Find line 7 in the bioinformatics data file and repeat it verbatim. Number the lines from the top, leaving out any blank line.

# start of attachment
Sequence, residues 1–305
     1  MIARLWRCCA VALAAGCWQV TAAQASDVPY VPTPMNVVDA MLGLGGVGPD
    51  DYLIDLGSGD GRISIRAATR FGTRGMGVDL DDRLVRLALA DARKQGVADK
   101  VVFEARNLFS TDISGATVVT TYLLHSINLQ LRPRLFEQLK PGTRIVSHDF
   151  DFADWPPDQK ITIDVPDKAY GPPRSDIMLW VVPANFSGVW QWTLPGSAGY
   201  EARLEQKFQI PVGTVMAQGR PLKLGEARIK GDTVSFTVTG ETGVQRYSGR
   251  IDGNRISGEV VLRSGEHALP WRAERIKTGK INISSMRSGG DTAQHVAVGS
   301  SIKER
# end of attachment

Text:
   251  IDGNRISGEV VLRSGEHALP WRAERIKTGK INISSMRSGG DTAQHVAVGS